5. Defendant challenges the decree of the court below, while the plaintiff has filed a memorandum of cross-objections, making the same claim as before the lower appellate court.
6. The principal argument in support of the appeal was that the courts below erroneously assumed that because the complaint was laid on facts which occurred within the defendant's personal knowledge and the plaintiff was discharged finding the complaint to be groundless, there was a presumption in favour of the plaintiff, that the prosecution was without reasonable and probable cause and actuated by malice. Counsel for the appellant also said that the above view expressed in 1965 Ker LT 1054 on which the courts below have relied had not been shared by any other decision of this Court and should not therefore be followed or it should be reconsidered by a bench. But the question in the form in which it arose did not fall to be considered in any of the subsequent decisions quoted before me and no case was cited in which it was dissented from. It is also worth noting that in certain other courts a similar view had been taken. In Mohammad Daud Khan v. Jai Lal AIR 1929 All 265, it was held that after the decision in Lalbhaddar v. Sadri Sab, AIR 1926 PC 46, the plaintiff in an action for malicious prosecution had no longer to prove that he was innocent and that when that burden is removed from him, the evidence will have to be examined from a different point of view. The learned Judge proceeded to observe:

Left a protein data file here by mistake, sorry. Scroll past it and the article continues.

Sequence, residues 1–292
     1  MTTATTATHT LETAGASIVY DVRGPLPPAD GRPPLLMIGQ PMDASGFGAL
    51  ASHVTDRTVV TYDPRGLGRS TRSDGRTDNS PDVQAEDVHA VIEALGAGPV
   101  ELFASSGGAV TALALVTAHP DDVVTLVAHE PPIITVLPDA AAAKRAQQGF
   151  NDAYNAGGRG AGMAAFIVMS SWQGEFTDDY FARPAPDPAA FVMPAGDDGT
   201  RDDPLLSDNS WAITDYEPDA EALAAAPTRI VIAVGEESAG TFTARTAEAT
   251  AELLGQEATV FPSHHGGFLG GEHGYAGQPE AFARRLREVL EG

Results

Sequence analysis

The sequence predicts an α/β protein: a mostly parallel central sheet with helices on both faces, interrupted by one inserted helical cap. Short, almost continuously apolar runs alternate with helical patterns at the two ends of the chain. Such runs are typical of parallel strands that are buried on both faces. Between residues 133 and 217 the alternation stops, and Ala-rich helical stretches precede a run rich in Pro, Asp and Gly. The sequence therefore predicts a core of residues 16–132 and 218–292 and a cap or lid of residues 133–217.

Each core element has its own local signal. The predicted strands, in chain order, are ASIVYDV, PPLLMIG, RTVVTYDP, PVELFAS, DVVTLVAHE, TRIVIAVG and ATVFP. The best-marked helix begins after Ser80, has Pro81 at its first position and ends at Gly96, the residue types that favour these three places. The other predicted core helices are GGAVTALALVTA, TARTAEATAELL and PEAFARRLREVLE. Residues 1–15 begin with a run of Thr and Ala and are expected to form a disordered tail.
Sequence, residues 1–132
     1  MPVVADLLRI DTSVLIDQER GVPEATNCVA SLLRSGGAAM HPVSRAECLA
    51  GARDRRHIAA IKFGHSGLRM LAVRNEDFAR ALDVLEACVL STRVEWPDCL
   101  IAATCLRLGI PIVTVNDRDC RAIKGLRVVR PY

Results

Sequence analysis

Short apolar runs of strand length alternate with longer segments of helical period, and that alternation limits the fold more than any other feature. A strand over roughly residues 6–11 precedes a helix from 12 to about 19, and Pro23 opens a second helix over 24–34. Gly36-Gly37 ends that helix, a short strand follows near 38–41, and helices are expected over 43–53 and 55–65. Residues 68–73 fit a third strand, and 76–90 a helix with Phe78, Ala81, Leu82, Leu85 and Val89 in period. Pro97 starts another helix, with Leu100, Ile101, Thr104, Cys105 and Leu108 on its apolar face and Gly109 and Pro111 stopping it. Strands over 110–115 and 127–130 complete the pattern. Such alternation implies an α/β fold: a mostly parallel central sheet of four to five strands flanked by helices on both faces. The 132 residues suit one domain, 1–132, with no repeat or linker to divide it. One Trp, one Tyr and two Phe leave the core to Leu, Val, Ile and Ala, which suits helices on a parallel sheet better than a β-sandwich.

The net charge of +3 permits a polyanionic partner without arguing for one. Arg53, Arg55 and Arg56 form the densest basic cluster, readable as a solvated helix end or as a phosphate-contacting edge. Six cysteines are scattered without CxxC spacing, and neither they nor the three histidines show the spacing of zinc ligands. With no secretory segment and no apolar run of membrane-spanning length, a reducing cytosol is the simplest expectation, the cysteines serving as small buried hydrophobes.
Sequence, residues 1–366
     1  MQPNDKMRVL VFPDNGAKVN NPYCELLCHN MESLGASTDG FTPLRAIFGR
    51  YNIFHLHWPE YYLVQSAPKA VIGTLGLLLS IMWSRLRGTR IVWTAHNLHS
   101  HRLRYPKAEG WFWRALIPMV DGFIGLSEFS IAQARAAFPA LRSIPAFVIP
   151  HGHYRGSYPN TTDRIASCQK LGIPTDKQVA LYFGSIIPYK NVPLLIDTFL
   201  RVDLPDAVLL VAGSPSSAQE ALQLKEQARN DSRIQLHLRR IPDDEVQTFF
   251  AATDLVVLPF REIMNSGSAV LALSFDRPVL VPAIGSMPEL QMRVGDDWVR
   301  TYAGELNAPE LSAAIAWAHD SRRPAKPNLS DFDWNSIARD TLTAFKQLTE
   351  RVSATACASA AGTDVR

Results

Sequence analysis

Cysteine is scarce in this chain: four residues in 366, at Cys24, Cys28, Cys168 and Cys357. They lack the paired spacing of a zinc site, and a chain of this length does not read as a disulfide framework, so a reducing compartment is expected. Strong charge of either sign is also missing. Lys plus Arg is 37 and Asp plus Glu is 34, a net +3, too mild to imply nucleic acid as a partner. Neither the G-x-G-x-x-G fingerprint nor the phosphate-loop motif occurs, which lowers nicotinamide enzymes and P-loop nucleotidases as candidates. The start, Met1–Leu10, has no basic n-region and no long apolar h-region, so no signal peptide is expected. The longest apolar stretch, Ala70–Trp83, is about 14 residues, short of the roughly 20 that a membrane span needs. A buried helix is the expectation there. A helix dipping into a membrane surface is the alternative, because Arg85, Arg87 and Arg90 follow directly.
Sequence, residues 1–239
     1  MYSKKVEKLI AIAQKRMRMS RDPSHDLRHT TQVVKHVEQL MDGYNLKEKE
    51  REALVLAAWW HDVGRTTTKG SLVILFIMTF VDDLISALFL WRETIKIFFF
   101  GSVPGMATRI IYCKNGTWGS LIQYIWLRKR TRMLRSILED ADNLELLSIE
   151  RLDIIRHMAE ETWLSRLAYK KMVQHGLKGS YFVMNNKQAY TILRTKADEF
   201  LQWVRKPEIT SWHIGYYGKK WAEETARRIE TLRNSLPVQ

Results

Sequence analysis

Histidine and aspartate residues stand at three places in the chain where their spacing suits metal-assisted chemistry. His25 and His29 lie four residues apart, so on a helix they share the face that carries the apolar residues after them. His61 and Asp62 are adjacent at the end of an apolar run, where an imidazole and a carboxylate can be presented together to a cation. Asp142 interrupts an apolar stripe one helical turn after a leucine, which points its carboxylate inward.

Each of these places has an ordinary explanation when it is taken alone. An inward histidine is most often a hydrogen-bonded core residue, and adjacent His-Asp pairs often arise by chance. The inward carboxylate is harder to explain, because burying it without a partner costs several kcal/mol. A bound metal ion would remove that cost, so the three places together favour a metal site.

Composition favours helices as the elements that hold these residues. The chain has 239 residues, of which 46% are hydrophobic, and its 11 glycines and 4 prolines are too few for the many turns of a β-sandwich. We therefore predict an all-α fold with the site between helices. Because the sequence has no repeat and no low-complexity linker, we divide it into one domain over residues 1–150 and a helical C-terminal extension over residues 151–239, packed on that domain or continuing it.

'When the plaintiff has been acquitted, there would be a presumption of want of reasonable and probable cause in an occurrence when there was no scope for surmise and the evidence was given by the defendant of what he actually saw. For what the defendant did not see himself, there may be a reasonable and probable cause of suspecting the plaintiffs complicity.... Unless the plaintiffis called upon to prove his innocence, the only way he can prove want of reasonable and probable cause would be by pointing out that the defendant alleged that he actually saw the plaintiff committing the offence and yet this was not believed by the criminal Court.'
In Vilayati Begam v. Nawal Kishore, AIR 1947 Oudh 116, it was held that,
'The amount and nature of evidence required to discharge the initial burden depends upon the facts and circumstances of each case. If a map acts on his own knowledge then the fact that the complaint was a false one will raise a presumption that there was absence of reasonable and probable causeand that malice existed, unless it is shown that his memory was defective or that there was some valid ground for a misapprehension.'
Appukuttaa v. Makkappan, 1965 Ker LT 1054, followed Taharat Karim v. Malik Abdul Khaliq, A. I. R. 1938 Pat 529, Darsan Pande v. Ghaghu Pande, AIR 1948 Pat 167, Nagendra Kumar v. Etwari Sahu, AIR 1958 Pat 829, and Gobind Chandra v. Upendra Padhi, AIR 1960 Orissa 29. A similar view has been taken in a later case Satdeo Prasad v. Ram Narayan, AIR 1969 Pat 102. The appellant's contention that 1965 Ker LT 1054 strikes a lone note or is at variance with the prevailing view in this court is therefore without merit.